On 11 February 2019 I set myself the challenging of reading 1001 Songs You Must Hear Before You Die by Robert Dimery (ed.) and following the book’s advice to the letter. I’ve previously read 1001 Films… and started 1001 Albums… but felt 1001 Songs… would be a sensible place to start for what I have in mind here.
My challenge is to read about one song per day and listen to it (YouTube and Spotify, I need you tonight!) before sharing my own thoughts. Some songs I will love, others I’ll hate, and I’m sure there will be those that leave me perplexed but listen to them I shall.
I’ll also try, and most likely fail, to pinpoint the best song from the 1001 on offer but I’m nothing if not foolhardy. Instead of one song, I’m predicting I’ll have about 100 favourites by the end and may have to resort to a Top 10 so far to maintain any semblance of sanity.
So long as I post everyday (including Christmas) then this challenge should come to an end on Wednesday 8 November 2021. Staying with the Barney Stinson theme I am hoping that the whole experience will prove to be…
Bob Dylan – Blind Willie McTell (1991)
” Blind Willie McTell” is a song written and performed by American singer-songwriter Bob Dylan. Named for the blues singer of the same name, the song was recorded in the spring of 1983, during the sessions for Dylan’s album ; however, it was ultimately left off the album and did not receive an official release until 1991, when it appeared on The Bootleg Series Volumes 1-3 (Rare & Unreleased) 1961-1991 .
We’re staying in the US today, dear reader, and find ourselves in Minnesota. It is a fourth appearance on our list from Bob Dylan who landed two songs in the 1960s in his prime, one in the 1970s (the glorious Tangled Up in Blue) and now in the 1990s we have another song. Blind Willie McTell was actually recorded in 1983 but never used on an album. In 1991 a compilation of bootleg tracks from Dylan were released and Blind Willie McTell had its chance to shine.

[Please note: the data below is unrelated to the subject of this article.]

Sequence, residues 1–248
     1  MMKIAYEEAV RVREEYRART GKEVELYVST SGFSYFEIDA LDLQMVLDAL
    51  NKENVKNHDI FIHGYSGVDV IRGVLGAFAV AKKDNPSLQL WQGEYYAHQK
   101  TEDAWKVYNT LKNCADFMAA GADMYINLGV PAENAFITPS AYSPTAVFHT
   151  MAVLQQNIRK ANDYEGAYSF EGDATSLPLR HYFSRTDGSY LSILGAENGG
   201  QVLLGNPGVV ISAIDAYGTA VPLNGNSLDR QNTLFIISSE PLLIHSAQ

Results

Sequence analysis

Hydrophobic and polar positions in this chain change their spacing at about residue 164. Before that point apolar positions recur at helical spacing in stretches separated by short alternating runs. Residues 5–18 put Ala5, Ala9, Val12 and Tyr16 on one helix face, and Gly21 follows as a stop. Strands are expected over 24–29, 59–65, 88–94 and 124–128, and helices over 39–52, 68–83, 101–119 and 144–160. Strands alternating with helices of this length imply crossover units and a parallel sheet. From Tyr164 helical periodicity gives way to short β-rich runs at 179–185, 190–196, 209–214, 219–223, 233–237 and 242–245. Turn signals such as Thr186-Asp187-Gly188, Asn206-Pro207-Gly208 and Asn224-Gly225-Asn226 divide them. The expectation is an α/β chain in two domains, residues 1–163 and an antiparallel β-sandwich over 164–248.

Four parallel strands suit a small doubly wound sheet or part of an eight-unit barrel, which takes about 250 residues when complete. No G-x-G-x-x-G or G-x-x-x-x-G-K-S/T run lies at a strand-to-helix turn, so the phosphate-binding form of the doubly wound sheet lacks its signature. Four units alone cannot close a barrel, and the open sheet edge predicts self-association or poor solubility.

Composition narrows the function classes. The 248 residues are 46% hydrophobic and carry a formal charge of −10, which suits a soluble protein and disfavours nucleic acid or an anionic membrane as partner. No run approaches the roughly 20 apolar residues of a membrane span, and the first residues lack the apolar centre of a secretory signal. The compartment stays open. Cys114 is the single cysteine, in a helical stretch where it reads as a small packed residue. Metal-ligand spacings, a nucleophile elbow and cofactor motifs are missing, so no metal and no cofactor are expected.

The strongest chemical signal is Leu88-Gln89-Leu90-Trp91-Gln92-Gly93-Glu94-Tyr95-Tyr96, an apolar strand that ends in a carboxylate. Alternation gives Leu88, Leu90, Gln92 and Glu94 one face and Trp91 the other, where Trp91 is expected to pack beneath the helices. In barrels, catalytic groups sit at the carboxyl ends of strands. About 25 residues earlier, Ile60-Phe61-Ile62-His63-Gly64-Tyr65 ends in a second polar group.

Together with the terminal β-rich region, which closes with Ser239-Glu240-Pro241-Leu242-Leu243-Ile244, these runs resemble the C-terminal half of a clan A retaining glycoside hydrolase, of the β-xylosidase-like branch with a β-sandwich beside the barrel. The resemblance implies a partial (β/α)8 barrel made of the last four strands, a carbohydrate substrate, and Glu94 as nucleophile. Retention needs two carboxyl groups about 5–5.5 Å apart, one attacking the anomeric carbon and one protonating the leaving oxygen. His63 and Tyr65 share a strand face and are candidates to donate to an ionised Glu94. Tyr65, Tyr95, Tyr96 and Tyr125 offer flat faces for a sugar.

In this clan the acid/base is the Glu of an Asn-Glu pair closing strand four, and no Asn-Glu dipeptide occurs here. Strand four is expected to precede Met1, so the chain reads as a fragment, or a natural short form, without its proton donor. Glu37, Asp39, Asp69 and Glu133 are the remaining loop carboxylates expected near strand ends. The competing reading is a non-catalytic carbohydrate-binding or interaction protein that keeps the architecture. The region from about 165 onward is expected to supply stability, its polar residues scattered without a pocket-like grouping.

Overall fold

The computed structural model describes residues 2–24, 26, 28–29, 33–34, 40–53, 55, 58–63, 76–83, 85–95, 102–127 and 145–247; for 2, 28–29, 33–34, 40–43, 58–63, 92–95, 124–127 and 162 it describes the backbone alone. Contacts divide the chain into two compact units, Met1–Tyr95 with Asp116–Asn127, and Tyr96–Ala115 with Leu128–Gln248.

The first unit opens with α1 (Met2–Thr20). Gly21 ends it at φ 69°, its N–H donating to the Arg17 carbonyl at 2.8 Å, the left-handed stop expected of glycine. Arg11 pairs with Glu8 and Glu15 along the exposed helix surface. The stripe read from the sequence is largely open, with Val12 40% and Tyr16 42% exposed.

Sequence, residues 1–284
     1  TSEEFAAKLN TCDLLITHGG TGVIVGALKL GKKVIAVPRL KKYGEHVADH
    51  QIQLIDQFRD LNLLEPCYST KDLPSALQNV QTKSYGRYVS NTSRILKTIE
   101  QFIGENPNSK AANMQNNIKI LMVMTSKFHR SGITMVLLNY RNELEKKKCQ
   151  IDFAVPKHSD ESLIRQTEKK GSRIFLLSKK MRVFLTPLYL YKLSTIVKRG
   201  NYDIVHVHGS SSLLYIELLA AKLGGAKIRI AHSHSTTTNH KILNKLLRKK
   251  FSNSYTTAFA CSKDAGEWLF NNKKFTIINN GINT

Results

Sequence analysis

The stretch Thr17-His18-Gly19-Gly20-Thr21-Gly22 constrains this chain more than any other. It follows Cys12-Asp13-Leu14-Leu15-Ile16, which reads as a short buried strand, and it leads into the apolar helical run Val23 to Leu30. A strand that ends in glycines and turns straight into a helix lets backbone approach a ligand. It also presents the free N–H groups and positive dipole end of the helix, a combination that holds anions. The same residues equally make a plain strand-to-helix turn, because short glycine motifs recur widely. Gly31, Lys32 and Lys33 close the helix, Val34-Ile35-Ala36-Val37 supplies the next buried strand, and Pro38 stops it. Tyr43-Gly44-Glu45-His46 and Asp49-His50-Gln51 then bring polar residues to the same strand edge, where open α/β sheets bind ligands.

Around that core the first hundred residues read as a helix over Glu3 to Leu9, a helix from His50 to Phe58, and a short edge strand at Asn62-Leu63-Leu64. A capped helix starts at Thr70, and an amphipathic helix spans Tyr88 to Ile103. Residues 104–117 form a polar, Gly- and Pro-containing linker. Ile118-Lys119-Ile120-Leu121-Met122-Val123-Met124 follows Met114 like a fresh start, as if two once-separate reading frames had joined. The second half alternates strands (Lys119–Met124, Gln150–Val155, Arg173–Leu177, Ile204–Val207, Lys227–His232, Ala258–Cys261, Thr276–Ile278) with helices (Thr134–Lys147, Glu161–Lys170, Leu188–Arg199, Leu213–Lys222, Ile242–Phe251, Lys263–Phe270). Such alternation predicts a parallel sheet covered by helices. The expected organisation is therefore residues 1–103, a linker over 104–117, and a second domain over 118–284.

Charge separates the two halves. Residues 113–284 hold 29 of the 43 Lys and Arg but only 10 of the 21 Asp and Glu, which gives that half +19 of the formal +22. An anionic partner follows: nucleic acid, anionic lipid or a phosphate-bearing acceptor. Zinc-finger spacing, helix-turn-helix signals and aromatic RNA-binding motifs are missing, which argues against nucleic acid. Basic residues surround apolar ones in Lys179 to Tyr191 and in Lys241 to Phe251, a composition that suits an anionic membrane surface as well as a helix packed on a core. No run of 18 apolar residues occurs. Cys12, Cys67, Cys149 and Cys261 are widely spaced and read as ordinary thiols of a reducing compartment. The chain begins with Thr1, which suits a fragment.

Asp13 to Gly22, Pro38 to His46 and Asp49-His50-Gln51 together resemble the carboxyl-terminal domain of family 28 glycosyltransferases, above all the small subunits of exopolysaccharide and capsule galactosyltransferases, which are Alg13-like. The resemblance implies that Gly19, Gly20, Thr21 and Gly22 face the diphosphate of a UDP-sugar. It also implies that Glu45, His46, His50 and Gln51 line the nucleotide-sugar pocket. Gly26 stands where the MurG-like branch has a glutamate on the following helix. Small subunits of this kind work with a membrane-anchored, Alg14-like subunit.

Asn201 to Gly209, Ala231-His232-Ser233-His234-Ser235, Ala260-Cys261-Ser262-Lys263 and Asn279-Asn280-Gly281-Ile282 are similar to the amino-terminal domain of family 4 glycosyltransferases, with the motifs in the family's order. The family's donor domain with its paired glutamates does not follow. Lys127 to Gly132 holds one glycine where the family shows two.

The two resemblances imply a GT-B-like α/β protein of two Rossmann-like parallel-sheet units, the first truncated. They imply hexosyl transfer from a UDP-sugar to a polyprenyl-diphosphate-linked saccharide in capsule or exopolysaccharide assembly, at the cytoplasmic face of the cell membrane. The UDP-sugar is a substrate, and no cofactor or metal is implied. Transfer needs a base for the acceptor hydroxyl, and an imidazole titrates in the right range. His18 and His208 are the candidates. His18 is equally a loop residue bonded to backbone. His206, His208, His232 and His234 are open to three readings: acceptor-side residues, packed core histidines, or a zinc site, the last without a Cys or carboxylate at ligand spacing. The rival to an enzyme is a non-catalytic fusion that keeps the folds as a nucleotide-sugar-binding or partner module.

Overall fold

The title refers to a blues singer of the same name who died in 1959 at the age of 61 and missed out on the folk revival with the likes of Bob Dylan and the resurgence in interest of blues musicians. Bob Dylan’s song acts as a tribute. He uses five verses to address the American landscape with particular reference made to slavery at one point. Each verse ends with the same refrain that no one could do the blues quite like Blind Willie McTell which, coming from Bob Dylan, is high praise indeed.
I am not very well versed in Bob Dylan’s career which is a travesty to admit. I have enjoyed the songs featured on this list and did so again with Blind Willie McTell. It is alarming to think that a song as good as this was cast aside and not used on a Dylan album. It is testament to the great man’s gift as a songwriter that he could dismiss such quality. Dylan’s legacy has long since been assured and in 2016 he became the first songwriter to be awarded the Nobel Prize in Literature.
Favourite songs so far: